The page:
Fanfare for the Common Rule

Fanfare for the Common


Leonard Zwelling

         There is relief in sight for the clinical investigators of
America struggling with the duel curse of over-regulation and underfunding.
Changes to the Common Rule that governs all clinical investigation have been
proposed and are likely to go into effect next year. Caution and vigilance are

         In the December 10, 2015 issue of the New England Journal of Medicine, Drs. Kathy L. Hudson and Francis
S. Collins outline changes that have been proposed in the oversight of human
subjects research, The Common Rule. This could mean the first truly meaningful
change in these rules since their advent following the Belmont Report over 30
years ago.

         I urge you to read the article plus the one following it by
Ezekiel J. Emanuel who seems to have had an active hand in getting this ball
rolling four years ago in an Advanced Notice of Proposed Rulemaking that may
soon be coming to fruition.  Here are
some of the benefits, but I add a cautionary tale upfront. The infrastructure
of any institution doing clinical research will have to alter to implement
these changes for the benefit of patients (human subjects, really) and
investigators. That will likely mean changes to the supporting IS structure,
data management and oversight of the clinical research bureaucracy. Here are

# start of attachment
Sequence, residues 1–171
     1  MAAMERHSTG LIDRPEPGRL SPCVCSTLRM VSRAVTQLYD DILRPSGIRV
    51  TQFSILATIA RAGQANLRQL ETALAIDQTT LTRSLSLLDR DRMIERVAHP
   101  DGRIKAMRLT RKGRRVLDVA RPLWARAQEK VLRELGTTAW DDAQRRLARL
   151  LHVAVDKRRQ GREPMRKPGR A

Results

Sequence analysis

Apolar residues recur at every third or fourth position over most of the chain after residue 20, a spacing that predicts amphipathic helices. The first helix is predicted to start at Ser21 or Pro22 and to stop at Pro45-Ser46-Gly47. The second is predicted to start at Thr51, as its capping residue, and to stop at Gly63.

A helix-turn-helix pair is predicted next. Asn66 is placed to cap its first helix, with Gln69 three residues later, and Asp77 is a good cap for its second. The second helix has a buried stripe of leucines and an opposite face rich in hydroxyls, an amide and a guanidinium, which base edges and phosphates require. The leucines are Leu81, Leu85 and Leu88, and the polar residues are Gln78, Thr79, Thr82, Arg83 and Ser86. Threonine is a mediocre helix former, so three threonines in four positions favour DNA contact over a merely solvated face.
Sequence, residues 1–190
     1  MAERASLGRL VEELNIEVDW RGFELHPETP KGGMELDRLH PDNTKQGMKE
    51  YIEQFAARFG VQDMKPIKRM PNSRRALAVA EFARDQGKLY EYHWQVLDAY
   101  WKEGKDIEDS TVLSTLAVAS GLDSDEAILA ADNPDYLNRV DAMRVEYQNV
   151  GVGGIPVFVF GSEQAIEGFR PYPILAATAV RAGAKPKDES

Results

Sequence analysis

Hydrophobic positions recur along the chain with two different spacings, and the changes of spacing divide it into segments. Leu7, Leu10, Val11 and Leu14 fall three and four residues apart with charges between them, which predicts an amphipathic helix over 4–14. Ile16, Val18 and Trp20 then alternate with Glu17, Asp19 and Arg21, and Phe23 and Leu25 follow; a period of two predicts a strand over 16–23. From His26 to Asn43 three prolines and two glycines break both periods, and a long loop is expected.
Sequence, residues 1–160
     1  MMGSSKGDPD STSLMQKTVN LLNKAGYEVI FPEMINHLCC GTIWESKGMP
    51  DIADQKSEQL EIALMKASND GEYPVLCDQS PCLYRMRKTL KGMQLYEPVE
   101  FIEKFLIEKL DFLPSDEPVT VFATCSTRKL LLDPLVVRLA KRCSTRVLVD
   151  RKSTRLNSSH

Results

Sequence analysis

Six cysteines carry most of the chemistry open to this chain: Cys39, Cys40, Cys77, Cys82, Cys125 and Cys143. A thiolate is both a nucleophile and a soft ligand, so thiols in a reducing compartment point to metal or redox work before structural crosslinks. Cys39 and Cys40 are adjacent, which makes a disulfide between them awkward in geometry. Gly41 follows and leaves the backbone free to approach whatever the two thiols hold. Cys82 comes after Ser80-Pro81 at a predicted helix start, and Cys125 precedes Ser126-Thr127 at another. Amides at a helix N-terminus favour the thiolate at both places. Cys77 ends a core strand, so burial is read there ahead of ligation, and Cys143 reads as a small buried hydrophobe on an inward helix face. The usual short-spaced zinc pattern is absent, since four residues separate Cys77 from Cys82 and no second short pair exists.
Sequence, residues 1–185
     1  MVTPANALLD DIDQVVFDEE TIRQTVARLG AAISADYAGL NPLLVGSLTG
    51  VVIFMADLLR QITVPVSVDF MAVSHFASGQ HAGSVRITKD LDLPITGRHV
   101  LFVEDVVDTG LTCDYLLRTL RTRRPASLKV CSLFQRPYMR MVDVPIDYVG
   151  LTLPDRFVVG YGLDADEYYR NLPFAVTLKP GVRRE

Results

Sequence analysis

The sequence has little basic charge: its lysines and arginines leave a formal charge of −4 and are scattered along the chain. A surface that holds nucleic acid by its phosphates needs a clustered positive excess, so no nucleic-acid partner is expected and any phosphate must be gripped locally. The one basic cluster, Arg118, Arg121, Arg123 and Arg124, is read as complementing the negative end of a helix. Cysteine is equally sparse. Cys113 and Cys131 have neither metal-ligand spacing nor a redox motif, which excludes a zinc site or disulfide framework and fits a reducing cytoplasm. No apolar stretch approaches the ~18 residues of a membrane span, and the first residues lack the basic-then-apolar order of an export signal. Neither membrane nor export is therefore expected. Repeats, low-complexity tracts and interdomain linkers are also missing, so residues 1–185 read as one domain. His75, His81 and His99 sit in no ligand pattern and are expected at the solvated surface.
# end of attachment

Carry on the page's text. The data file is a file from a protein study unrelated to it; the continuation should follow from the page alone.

some examples:

1. Participants will be able to grant broad consent for
the use of biospecimens.

2. IRB activities will be streamlined by relying less on
single site IRBs and more on centralized ones.

3. Some low-risk activities will be excluded from the
need for IRB approval

4. Deidentified sample research may need consent.

5. There will be a 3-year phase in period for the new
consent rules

6. Consent forms will be simplified

7. Continuing IRB review will not be needed for studies
granted expedited review or when all that remains to be done in a study is data


9. Research involving standard educational practices,
program evaluations or benign interventions will not need IRB approval.

         I suggest that all of you who still do
clinical research get these two articles, read them carefully, determine how
the new provisions apply to your research and keep aware of the government’s
final ruling when it occurs after the end of the comment period on January 6.
Finally, press the Provost’s Office to assure the faculty that it is ready to
implement the changes once codified in Washington so that the investigators
at Anderson do not give up a competitive edge to researchers at other centers
already gearing up for such change.

         At MD Anderson, I am going to assume
that someone is responsible for the implementation of these changes, the
associated changes to computer systems, the education of the investigators and
the guidance of the support staff as to how decisions will change. This was my
job when HIPAA came in and it was a true pain, but necessary.

         Is someone doing this?

         I know in the days of the Moon Shots,
all the resources are aimed at the lunar target or the launch platforms to get
the rocket to Tranquility Base. I still remember the day when Dr. Mendelsohn
was taking proposals for multi-million dollar research projects and I begged
for one percent for infrastructure and didn’t get it. Please do not make that
mistake here.

         Judicious investment could pay off with
less bureaucracy and quicker transitions from ideas to data, but you have to be
ready on day one to take advantage of the new Common Rule.

         Unfortunately, like common sense, use
of the new Common Rule is likely to be anything but common unless MD Anderson’s
administration is ready.

         Is it?

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